It’s funny to laugh at characters like Bauler. But, their past shenanigans have an impact on the city’s culture today.
New York and SF easily assimilate new people from points beyond. Chicago needs to do a better job of integrating people and businesses into the ecosystem without forcing them to pay tolls.
A lot of what outsiders see as “clickyness” is historically rooted in politicians protecting political turf and the money that went with it.
Chicagoans need to make navigating the roadblocks in the ecosystem easier. Once bypasses are built, then the roadblocks become meaningless and the power behind them goes away. Co-working spaces, 1871, angel groups, TechStars, and university entrepreneurial programs can all be ways to bypass the tolls if we use them correctly.
Busting barriers will take a lot of courage from political leaders, and a lot of time. Many of the roadblocks are rooted in rules, regulations, and historical customs. Many of their constituents don’t want the old rules to go away since they earn a nice buck from having them in place. I see some initial signs of that courage. The ones holding onto the old ways see no economic benefit in changing.
Once the onion that is Chicago is peeled back, it is a tremendous place to start a company. Entrepreneurs can really have an impact here, and can leverage lots of different resources to grow awesome companies.
The historical isolation of Chicago can be advantageous to startups. Quietly building a company is sometimes better than getting Silicon Valley sizzle. Groupon ($GRPN) took advantage of that. By the time other companies tried to compete, they had cash flow and mass that couldn’t be overcome. Starting in fly over country has competitive advantages.
Want to test your offering on a specific international group? Much easier to target that group in Chicago than anywhere else in the world-and we have more of them than any other city.
Want to try your financial services company out? Chicago has one of the deepest and multidimensional financial services ecosystems in the world. Banking, payments, wealth management, trading, accounting, tax, you name it we have it.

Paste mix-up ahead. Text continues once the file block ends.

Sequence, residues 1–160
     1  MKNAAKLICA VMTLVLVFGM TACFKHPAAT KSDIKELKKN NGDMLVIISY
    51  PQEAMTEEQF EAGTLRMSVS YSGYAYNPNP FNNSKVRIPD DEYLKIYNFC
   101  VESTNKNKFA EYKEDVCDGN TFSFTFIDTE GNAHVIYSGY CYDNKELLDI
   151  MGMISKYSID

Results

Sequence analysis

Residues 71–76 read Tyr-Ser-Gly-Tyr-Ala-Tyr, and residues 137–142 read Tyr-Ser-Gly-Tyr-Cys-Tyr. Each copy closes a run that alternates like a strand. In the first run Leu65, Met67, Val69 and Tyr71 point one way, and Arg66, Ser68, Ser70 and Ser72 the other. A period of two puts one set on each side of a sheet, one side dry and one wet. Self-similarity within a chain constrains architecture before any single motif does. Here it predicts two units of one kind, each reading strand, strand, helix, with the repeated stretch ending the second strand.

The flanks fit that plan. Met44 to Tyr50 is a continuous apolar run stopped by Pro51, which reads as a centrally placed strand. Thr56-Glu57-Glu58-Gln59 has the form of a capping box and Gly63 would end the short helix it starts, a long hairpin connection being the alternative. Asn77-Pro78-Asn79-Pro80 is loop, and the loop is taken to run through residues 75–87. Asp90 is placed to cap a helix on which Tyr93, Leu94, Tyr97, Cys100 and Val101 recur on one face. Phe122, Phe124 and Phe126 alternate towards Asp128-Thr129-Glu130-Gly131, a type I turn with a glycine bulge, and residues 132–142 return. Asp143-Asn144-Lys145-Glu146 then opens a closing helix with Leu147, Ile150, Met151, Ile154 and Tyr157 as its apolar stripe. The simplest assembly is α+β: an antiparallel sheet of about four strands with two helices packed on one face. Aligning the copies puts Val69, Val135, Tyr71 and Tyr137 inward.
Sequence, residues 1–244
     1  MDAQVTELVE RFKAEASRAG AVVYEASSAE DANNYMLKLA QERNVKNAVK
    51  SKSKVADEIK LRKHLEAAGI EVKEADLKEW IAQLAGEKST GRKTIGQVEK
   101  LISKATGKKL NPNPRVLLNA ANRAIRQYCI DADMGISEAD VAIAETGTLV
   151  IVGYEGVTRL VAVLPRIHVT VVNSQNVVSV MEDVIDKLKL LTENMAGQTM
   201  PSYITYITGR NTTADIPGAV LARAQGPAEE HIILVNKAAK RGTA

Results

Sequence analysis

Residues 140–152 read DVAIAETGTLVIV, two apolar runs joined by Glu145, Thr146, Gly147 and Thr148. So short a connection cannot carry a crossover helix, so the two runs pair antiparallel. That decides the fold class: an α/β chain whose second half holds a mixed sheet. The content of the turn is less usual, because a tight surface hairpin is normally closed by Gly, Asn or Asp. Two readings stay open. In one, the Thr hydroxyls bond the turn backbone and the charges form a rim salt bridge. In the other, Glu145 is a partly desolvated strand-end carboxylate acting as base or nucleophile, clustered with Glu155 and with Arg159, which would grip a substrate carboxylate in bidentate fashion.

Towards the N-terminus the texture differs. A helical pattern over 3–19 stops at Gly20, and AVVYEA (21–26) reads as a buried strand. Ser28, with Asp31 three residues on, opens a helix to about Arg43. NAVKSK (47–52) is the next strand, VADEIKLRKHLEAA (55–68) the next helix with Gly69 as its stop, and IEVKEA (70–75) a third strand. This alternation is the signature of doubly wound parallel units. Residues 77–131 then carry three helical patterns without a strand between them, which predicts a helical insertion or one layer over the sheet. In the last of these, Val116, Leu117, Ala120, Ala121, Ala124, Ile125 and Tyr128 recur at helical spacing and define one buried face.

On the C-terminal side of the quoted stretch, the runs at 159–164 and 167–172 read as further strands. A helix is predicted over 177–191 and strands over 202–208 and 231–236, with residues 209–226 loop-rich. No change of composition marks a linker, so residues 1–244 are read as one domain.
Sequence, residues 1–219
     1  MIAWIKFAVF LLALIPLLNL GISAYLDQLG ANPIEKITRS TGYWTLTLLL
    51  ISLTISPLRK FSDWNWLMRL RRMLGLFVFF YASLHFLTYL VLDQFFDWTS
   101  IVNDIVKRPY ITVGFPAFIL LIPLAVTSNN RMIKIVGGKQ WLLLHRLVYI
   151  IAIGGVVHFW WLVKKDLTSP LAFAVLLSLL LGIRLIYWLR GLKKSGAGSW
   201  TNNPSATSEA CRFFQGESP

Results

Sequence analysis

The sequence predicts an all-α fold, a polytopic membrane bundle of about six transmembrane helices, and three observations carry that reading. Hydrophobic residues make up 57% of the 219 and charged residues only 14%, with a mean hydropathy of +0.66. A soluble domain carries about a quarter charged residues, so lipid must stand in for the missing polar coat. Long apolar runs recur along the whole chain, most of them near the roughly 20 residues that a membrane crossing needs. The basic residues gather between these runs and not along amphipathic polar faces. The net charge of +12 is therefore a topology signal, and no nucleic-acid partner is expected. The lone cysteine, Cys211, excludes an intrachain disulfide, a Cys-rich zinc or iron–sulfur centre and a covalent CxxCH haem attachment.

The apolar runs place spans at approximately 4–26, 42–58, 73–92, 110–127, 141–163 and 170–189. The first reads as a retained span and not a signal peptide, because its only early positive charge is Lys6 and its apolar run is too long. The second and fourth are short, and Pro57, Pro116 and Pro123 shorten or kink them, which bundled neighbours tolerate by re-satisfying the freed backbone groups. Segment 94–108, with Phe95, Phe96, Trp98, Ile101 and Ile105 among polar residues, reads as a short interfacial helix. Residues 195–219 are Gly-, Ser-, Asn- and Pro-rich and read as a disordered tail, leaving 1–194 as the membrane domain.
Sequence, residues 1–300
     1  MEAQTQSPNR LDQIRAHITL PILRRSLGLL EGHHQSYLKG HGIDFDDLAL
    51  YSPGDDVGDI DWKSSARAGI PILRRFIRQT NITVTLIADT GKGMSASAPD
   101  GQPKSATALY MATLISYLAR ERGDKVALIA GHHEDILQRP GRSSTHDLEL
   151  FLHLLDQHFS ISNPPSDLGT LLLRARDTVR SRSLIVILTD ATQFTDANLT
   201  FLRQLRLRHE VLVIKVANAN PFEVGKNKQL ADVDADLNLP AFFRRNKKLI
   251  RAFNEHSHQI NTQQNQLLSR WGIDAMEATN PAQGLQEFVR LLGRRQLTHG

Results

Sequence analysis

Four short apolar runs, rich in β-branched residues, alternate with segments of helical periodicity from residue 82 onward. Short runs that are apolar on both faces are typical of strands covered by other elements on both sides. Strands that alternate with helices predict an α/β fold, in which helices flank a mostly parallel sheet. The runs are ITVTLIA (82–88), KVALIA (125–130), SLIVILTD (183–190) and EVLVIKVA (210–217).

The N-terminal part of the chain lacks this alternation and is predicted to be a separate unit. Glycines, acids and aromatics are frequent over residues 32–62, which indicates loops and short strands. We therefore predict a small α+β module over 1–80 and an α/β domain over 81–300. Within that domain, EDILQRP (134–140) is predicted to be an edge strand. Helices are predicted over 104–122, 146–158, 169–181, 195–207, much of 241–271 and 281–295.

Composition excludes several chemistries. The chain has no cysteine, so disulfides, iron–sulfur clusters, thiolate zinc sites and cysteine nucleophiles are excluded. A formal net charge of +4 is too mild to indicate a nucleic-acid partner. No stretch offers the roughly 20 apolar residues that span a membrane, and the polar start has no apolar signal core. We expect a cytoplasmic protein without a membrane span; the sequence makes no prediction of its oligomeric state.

How about logistics? Chicago is the logistics capital of the world. Trucking, rail, shipping, air, warehousing. If you are working on a business that gets things from here to there, this is the place to drop anchor.
Agriculture, medical, education, construction, food, consumer goods, law, design, architecture, conventions/meetings, real estate, all have large bases here. Along with the base comes the essential expertise of individuals that can add a lot of oomph to your company. 9.5 million people reside here.
Those people also have the potential to be your initial customers.
Ancient Chicagoans built a canal that they turned into a moat to line their own pockets. Today, as a city we have to fill in the moats, and build bridges to the outside world.
There is something exciting, awesome and potentially really huge growing here right now. So big, a small startup from Russia traveled across the world to be a part of it.
The city has many gems inside the moat that startups would love to have a piece of. But, if the artificial roadblocks that cronies like to set up remain or aren’t paved around, the gems that exist here will be avoided. Then those gems become lumps of coal.
The information in this blog post represents my own opinions and does not contain a recommendation for any particular security or investment. I or my affiliates may hold positions or other interests in securities mentioned in the Blog, please see my Disclaimer page for my full disclaimer.
Jeffrey Carter is an angel investor and independent trader. He specializes in turning concepts into profits. He co-founded Hyde Park Angels one of the most active angel groups in the United States in April of 2007. He previously served on the Chicago Mercantile Exchange Board of Directors. He has done market commentary for (More...)